“Invisibility” recognized in Publishers Weekly!

Just a short note: my editor pointed out to me that my book made the “top ten” list of Spring 2023 science books at Publishers Weekly! Saving the relevant part of the page for my own personal record:

This is a nice boost that will hopefully draw more attention to the book, including foreign translations and appearances in bookstores!

Just for the record again: you can pre-order the book at:


Barnes & Noble

and other options at my publisher’s website!

Just wanted to share!

Posted in Invisibility, Personal | 2 Comments

The Dark Is Rising, by Susan Cooper

Have you ever remembered a book that you read as a child that you were curious to read again but you can’t remember the name of the book or the author or even enough detail to track it down? That was my dilemma for a few years, as I remembered reading a series of fantasy novels in grade school, one of which featured an evil skeletal horse. Initial efforts to track it down were unsuccessful, as depending on the wording you use on an internet search you either find skeletal horses from Minecraft or the Mari Lwyd from South Wales:

A Mari Lwyd from 2014, via Wikipedia.

About six months ago, however, by some dumb luck I finally found what I was looking for: The Dark Is Rising sequence, five novels written by British author Susan Cooper from 1965 to 1977. The first book, Over Sea, Under Stone, was written much earlier than the others, in 1965; I opted to begin my re-read with the second book, The Dark Is Rising, which was originally published in 1973:

This was the young adult fantasy series to read of my generation; everyone I knew in grade school got around to reading it at some point! But would it hold up for an adult reader?

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Posted in Fantasy fiction | 3 Comments

Consider the Platypus, by Maggie Ryan Sandford

As I’ve said a number of times, the pandemic really destroyed my ability to read, and now that I’ve achieved some sense of mental stability again I’m working to catch up on a bunch of the books that I just hadn’t had the energy to read.

This includes science books as well as fiction, and recently I decided to dive into Consider the Platypus (2019), a book by one of my Twitter friends Maggie Ryan Sandford!

This book is a fun exploration of evolution and all its modern developments, told through the descriptions of a variety of animals, from relatively mundane creatures such as cows, dogs and cats to truly unusual beasts such as axolotl, hoatzin and the titular platypus.

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Posted in Animals, General science | Leave a comment

Old School Dungeons & Dragons: Part 28

It’s been a while since I did some Old School Dungeons & Dragons on Twitter, but I’ve finally gotten myself back into the rhythm! (I am now also posting the threads on Mastodon, given the instability of Twitter.) Hopefully I’ll keep up the routine. So let’s get started…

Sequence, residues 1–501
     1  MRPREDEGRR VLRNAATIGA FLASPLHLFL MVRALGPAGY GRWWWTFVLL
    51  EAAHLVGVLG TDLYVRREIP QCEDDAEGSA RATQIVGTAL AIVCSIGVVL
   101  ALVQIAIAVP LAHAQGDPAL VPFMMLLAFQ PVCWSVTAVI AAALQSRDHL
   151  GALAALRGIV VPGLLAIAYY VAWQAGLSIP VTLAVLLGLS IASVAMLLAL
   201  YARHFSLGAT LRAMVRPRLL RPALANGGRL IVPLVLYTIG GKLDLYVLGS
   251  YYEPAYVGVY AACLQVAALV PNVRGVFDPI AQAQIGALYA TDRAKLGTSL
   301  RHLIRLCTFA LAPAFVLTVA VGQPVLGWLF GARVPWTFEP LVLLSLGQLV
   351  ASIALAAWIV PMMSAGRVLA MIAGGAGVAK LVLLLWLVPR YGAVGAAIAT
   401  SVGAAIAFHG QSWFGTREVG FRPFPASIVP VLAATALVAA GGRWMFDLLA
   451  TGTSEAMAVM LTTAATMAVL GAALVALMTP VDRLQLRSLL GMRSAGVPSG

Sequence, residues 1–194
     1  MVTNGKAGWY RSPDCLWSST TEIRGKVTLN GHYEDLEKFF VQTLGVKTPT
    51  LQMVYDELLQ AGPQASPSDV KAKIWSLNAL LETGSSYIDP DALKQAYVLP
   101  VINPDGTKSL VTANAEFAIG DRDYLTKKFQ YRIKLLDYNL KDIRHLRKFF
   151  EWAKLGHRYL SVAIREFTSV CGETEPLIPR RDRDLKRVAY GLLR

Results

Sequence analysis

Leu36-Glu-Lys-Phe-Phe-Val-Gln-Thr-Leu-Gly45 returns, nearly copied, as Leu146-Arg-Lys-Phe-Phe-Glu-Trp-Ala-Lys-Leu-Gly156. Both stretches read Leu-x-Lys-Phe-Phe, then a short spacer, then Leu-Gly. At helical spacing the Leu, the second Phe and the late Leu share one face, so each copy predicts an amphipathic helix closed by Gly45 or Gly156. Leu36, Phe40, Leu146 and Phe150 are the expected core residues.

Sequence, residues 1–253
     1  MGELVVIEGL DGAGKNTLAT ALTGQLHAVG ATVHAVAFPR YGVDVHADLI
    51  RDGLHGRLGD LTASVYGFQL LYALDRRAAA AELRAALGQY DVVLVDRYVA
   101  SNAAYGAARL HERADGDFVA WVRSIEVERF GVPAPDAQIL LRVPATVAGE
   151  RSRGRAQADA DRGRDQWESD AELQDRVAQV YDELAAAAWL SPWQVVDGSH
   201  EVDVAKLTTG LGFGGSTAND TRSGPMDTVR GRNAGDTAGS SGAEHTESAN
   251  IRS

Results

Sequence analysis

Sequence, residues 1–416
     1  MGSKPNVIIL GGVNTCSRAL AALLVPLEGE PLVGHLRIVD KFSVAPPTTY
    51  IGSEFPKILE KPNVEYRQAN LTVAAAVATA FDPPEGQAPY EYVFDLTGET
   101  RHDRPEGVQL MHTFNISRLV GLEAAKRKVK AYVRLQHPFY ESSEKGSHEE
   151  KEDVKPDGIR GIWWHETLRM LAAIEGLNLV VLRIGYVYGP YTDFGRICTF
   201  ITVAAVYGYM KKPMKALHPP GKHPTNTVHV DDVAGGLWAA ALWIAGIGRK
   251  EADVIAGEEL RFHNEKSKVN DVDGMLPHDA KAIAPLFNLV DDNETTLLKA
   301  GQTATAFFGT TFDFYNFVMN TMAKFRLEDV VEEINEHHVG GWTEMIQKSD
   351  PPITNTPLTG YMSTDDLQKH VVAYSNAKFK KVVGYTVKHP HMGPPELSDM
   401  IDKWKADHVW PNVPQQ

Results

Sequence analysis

X10: Red Arrow, Black Shield (1985), by Michael S. Dobson. This is one I wanted to get my hands on some time ago!

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Posted in Entertainment, Fantasy fiction, role-playing games | 5 Comments

Physics demonstrations: Oculus Mundi

So, for some reason, my ten year old video on the Barkhausen effect went viral on YouTube the past few weeks, and brought me quite a few new followers there. I thought I’d do a short video to say “thanks for following” to folks and try out a demonstration that I’ve been meaning to get around to for a while related to invisibility.

The video, about the so-called oculus mundi stone, is embedded below.

Oculus mundi (“eye of the world”), also known as hydrophane opal, is a stone that is largely opaque under normal circumstances, but when it is submerged in water, it becomes quite transparent. As noted in the video, the reason for this is that the stone is highly porous in a dry state, and all those pores strongly scatter light that shines upon them, making the stone opaque. The same sort of thing happens with milk, which is a bunch of fat molecules in water: the fat molecules make the light bounce around and generally scatter it away from the liquid. When dumped in water, the pores in oculus mundi become filled with water, and we get a rough “index matching” situation: water has a refractive index closer to opal than air does, so light gets scattered less by the water-filled pores.

I came across reference to oculus mundi while writing my upcoming invisibility book, because Isaac Newton used it as evidence for his hypothesis about the relation between opacity of a material and its microscopic structure. In his own words, from Opticks:

But farther, that this discontinuity of parts is the principal Cause of the opacity of Bodies, will appear by considering, that opake Substances become transparent by filling their Pores with any Substance of equal or almost equal density with their parts. Thus Paper dipped in Water or Oil, the Oculus Mundi Stone steep’d in Water, Linnen Cloth oiled or varnish’d, and many other Substances soaked in such Liquors as will intimately pervade their little Pores, become by that means more transparent than otherwise; so, on the contrary, the most transparent Substances, may, by evacuating their Pores, or separating their parts, be render’d sufficiently opake; as Salts or wet Paper, or the Oculus Mundi Stone by being dried, Horn by being scraped, Glass by being reduced to Powder, or otherwise flawed…

Newton felt that opacity must arise from light getting scattered as it interacts with the gaps between the “least parts” of matter. This is not a general explanation of opacity, but it does work for oculus mundi, milk, and paper. Paper is made up of a bunch of transparent fibers woven together; light gets “trapped” and repelled by these fibers, making the paper look white. If you soak paper in oil, however, for instance if you eat a greasy piece of pizza on a paper place, you’ll find that the paper becomes translucent or even close to transparent.